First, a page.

Main content area

Masculinity, men and patriarchal issues aside: How do women’s actions impede women’s access to land? Matters arising from a peri-rural community in Nigeria

Chigbu, Uchendu Eugene
Land use policy 2019 v.81 pp. 39-48
gender, interviews, issues and policy, land tenure, men, women, Nigeria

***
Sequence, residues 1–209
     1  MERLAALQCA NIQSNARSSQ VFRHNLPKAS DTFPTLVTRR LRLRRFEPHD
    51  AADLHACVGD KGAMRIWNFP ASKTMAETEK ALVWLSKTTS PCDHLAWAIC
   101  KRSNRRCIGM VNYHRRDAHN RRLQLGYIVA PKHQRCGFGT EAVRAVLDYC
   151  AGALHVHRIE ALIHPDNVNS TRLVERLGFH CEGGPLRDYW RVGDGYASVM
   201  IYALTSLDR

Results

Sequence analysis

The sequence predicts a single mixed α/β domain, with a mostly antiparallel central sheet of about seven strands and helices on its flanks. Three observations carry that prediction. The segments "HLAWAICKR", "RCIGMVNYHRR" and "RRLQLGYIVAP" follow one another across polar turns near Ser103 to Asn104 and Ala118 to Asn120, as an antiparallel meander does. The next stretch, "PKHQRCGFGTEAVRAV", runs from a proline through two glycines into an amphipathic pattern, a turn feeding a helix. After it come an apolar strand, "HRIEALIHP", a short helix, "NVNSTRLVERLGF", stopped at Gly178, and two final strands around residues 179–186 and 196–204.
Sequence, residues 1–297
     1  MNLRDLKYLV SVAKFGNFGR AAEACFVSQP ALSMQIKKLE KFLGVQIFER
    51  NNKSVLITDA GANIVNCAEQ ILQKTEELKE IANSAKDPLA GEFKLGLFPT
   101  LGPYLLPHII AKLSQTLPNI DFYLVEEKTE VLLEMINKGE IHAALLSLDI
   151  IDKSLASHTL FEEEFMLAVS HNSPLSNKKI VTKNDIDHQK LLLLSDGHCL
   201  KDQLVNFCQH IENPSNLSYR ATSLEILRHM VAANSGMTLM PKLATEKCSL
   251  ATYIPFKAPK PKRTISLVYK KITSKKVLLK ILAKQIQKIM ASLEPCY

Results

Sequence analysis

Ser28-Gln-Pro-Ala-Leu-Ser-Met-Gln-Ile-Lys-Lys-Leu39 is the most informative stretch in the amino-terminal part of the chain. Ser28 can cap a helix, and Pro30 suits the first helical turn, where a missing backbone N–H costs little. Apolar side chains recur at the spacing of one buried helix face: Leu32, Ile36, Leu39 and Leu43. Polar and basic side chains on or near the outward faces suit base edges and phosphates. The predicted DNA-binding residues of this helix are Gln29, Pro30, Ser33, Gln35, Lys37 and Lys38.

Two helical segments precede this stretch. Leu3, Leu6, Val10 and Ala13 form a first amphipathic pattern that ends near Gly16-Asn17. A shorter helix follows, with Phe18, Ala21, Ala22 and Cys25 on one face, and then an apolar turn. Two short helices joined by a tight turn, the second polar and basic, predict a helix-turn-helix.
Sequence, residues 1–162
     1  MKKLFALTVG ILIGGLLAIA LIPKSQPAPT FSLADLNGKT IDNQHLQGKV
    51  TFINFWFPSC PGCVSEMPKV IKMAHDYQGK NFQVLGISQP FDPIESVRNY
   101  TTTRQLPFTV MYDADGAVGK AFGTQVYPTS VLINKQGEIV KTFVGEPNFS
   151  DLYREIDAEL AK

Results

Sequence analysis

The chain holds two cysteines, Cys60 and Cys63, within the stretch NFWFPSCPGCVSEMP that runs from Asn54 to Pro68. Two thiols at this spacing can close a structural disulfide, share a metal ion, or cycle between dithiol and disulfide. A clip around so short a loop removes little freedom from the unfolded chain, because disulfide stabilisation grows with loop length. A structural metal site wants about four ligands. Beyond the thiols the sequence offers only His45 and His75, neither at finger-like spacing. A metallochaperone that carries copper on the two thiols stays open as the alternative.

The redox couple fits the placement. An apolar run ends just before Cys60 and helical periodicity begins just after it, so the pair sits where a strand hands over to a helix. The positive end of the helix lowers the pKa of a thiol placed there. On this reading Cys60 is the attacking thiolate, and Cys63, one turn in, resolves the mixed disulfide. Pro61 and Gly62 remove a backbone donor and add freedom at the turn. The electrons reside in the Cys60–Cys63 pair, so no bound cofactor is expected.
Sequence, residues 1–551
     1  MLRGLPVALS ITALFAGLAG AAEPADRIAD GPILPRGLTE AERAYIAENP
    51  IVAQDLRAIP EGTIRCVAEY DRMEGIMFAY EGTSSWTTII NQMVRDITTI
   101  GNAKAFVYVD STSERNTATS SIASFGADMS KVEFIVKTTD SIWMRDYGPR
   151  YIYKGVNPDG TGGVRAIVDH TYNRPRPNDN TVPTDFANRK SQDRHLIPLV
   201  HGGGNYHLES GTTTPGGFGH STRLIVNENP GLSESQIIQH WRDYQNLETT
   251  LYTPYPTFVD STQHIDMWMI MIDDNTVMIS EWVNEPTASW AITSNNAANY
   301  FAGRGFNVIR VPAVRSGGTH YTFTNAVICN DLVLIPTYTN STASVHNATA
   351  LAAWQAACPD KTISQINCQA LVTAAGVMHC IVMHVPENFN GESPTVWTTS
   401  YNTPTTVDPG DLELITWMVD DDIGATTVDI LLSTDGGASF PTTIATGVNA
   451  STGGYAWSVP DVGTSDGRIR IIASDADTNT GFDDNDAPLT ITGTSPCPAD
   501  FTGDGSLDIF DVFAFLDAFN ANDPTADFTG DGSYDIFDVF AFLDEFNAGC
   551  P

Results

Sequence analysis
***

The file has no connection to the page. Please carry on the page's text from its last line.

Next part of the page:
There have been many contributions to the understanding of how gender functions impede women’s access to land. However, particular frameworks concerning how women contribute to their lack of access to land have been widely ignored. This study investigates the frames that hinder women’s access to land due to (in)actions of women, in a peri-rural community in Nigeria. It is a qualitative study based on data from e-Focus Group Discussions with international researchers on gender and land; and key informants’ interviews with local women. The study argues that women do contribute to their lack of access to land by some of their actions or inactions. It questions the role women play in their land tenure status in customary land tenure. The study approaches its subject by problematising women’s land access beyond the concept of patriarchy and investigating how women’s lack of access to land is reinforced by not just men, but by women. The study reveals that even though in many instances patriarchy and customary laws play a significant role in women’s lack of access to land, there are cases where women contribute to their lack of access to land. Among other factors, it identifies ‘Brother complex’ and ‘self-hurt’ issues as some of the structures emanating from women which hinder their smooth access to land. The study is important and presents a useful initiative that can inform policies aimed at strengthening women’s land tenure. It contributes to a radical transformative agenda towards women’s access to land.